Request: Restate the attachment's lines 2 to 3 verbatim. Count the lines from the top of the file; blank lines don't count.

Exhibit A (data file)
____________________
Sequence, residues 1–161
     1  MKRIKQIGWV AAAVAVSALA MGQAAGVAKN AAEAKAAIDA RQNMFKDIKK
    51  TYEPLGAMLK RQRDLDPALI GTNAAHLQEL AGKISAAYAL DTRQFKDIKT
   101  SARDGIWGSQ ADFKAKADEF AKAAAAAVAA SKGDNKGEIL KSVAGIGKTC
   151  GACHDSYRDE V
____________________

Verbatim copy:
     1  MKRIKQIGWV AAAVAVSALA MGQAAGVAKN AAEAKAAIDA RQNMFKDIKK
    51  TYEPLGAMLK RQRDLDPALI GTNAAHLQEL AGKISAAYAL DTRQFKDIKT